BOLTON, Mass. — Some players snubbed by their home country’s hockey federation might start looking into some sort of dual citizenship or defection in order to get into the mix for an Olympic team.
But Boston Bruins center Marc Savard explained today that although he was disappointed to not even receive an invitation to last month’s orientation camp by Hockey Canada, he’s still going to try to make the powers that be add him to the squad for this February’s Winter Games in Vancouver.
“I was pretty upset about it,” said Savard before teeing off today at the Boston Bruins Golf Tournament at The International. “I thought that I had a good chance to at least go to the camp. And I didn’t really come out saying anything. I had a lot of calls for a couple weeks after that. It was something I didn’t want to talk about. I was pretty mad about it.
“I’ve had to prove myself over and over again and I’m hoping to get off to a good start. I still haven’t counted myself out. So I guess that’s all that matters.”
Savard, who would be a longshot to make the squad without having attended the orientation camp, has averaged more than 87 points per game over the last three seasons he has played for Boston. If he starts this coming season on a similar or better pace, he’ll not only make his case for a spot on the Olympic team but also make an argument for a contract extension. This is scheduled to be the final year of Savard’s deal, which would leave him as an unrestricted free agent after the year. However, he doesn’t expect any distraction will come from being in his last year of his deal.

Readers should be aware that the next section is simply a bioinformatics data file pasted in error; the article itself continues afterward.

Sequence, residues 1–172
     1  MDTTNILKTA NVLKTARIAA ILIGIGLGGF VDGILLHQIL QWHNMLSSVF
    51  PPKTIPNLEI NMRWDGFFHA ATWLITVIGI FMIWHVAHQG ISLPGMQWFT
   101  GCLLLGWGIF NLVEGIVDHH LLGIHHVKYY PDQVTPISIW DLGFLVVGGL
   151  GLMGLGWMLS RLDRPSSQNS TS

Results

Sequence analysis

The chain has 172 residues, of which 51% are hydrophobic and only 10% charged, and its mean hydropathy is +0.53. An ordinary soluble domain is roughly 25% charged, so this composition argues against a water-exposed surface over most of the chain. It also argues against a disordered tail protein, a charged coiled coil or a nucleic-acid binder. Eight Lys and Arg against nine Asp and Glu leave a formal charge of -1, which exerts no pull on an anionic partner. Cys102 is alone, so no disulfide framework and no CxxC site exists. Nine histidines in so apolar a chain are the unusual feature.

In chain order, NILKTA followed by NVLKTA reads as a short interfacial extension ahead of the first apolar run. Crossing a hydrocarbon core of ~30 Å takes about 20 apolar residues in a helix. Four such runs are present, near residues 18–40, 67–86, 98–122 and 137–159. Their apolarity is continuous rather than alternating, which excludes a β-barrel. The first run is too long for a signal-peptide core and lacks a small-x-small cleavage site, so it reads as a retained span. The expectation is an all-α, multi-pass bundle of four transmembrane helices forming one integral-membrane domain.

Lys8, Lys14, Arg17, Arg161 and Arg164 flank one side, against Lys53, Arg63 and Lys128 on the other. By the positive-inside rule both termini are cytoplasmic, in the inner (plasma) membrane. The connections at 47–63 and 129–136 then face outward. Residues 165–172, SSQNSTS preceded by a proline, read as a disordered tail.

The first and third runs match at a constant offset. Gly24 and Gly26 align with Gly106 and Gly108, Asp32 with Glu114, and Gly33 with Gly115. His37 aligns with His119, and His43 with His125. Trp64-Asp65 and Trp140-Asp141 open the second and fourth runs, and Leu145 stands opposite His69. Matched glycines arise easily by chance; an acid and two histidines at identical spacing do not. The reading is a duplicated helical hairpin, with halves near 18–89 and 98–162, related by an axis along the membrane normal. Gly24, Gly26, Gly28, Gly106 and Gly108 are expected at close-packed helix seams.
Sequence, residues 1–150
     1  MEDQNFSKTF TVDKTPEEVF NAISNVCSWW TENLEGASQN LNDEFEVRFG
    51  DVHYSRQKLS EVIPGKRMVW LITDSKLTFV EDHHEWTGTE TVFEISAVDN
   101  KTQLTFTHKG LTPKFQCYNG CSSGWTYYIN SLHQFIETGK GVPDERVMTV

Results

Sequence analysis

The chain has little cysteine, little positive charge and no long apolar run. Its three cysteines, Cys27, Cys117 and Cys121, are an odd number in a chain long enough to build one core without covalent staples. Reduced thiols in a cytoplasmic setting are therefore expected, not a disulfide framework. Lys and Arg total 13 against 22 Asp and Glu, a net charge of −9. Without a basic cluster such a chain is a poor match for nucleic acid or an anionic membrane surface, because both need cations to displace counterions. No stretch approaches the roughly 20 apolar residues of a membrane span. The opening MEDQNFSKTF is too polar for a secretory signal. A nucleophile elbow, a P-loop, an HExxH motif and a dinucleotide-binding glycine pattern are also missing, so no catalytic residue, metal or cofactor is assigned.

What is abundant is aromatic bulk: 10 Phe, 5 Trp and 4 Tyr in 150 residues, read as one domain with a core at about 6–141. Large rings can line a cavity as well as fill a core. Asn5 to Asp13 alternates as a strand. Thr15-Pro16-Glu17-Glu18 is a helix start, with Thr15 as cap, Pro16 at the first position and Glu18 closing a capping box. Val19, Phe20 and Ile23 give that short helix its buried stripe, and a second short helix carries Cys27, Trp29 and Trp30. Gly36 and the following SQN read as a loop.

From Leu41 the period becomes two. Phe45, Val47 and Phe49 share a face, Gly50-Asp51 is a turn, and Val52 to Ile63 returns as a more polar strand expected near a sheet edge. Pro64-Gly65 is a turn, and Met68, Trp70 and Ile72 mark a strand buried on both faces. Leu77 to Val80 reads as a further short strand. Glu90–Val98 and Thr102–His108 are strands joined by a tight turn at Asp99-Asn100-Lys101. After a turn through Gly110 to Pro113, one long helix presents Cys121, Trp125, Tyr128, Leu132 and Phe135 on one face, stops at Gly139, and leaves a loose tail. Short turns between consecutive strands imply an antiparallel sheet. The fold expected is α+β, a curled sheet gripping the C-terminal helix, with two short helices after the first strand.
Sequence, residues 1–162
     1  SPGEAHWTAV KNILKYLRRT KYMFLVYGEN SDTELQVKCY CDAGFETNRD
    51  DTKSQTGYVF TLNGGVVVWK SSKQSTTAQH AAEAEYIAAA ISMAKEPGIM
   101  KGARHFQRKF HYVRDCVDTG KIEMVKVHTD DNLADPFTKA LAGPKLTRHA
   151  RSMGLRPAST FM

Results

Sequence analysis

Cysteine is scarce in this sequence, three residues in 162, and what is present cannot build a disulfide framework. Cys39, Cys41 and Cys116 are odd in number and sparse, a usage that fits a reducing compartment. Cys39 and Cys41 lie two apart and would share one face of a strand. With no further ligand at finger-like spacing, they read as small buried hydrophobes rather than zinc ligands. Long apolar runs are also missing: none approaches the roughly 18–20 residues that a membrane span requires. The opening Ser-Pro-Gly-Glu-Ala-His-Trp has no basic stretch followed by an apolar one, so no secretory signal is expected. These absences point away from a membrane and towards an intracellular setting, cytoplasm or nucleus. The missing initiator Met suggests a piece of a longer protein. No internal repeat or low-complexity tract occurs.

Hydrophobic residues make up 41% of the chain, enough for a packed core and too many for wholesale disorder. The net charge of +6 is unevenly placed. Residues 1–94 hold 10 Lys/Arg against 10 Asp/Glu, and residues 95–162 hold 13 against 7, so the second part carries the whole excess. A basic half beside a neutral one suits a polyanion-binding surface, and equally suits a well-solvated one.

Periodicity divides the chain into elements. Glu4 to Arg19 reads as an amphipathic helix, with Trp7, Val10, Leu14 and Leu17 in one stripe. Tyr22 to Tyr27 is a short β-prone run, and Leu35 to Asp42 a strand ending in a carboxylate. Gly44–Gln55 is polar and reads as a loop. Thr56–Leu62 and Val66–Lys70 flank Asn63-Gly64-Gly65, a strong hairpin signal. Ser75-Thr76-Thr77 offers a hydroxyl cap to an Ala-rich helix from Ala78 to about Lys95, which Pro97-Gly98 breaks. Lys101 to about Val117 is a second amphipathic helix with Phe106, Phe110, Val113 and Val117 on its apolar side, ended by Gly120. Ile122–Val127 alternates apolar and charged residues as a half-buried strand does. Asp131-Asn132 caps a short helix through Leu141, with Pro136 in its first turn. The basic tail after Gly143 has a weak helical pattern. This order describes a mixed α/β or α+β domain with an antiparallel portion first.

“I’m not worried about the contract at all,” said Savard, who skated at an informal practice for the first time this morning in Wilmington, Mass. “Me and (GM) Peter (Chiarelli) have a good relationship and ever since I came to Boston I’ve given them everything I had, so I think if things work out well, and I hope they do, I’ll be here for a long time.”
Savard was open about not only his contract decision but his desire to remain in Boston. One contract he didn’t want to talk about was that of his good friend Phil Kessel. Ever since Kessel landed with the Bruins, Savard has mentored the speedy winger. But Savard didn’t want to talk much about was the forward’s current contract situation, as it looks like Kessel will be a holdout or an ex-Bruins when the team reports for training camp Saturday.
“That’s a tough situation and something I don’t really want to talk about,” said Savard, whose ability to re-sign with Boston, ironically, could hinge on what the Bruins do with Kessel. “It’s between Phil and the management. Obviously he’s a great player and obviously helps us win hockey games. When you miss a guy like that there’s going to be holes to fill. But then again we’ve got guys like (Marco Sturm) coming back that will be able to fill holes like that.
“Obviously, we’re going to miss him, but in the same sense life will go on with the team that we have.”
Life’s been good for Savard on the ice as he’s made two All-Star teams and the Bruins have gone from playoff non-qualifiers to a playoff team to the top team in the Eastern Conference. That’s the progression the pivot wants to see continue in 2009-10.
“It’s a great city and I’ve enjoyed my time here so far and this is a place I’d like to finish if the chance comes,” he said. “So I’m excited to get this season going because we built up something good and we seem to get better every year, so hopefully that’s the case this year.”